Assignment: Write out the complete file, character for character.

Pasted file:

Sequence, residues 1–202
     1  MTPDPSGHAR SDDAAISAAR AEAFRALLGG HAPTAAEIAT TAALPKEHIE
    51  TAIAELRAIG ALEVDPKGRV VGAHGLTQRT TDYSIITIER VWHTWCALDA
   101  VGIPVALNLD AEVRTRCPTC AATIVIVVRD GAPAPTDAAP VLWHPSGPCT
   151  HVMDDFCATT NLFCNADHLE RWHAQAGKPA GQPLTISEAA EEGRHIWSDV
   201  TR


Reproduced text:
Sequence, residues 1–202
     1  MTPDPSGHAR SDDAAISAAR AEAFRALLGG HAPTAAEIAT TAALPKEHIE
    51  TAIAELRAIG ALEVDPKGRV VGAHGLTQRT TDYSIITIER VWHTWCALDA
   101  VGIPVALNLD AEVRTRCPTC AATIVIVVRD GAPAPTDAAP VLWHPSGPCT
   151  HVMDDFCATT NLFCNADHLE RWHAQAGKPA GQPLTISEAA EEGRHIWSDV
   201  TR